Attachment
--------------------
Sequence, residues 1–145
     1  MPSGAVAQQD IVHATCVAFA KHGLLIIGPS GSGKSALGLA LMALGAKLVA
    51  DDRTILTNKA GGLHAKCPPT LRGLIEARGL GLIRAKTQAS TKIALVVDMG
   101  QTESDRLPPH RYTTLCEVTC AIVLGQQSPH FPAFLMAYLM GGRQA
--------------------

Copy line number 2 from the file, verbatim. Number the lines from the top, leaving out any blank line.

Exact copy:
     1  MPSGAVAQQD IVHATCVAFA KHGLLIIGPS GSGKSALGLA LMALGAKLVA